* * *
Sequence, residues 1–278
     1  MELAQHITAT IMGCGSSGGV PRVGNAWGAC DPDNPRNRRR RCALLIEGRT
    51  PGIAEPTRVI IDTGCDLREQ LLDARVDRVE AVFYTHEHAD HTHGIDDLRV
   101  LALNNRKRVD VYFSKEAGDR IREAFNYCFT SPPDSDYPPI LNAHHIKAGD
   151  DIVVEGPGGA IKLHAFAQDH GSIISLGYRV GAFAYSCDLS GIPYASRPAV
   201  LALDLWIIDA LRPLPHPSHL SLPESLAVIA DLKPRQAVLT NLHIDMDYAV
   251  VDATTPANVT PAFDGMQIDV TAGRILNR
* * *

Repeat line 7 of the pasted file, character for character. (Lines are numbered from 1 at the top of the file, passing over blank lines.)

   251  VDATTPANVT PAFDGMQIDV TAGRILNR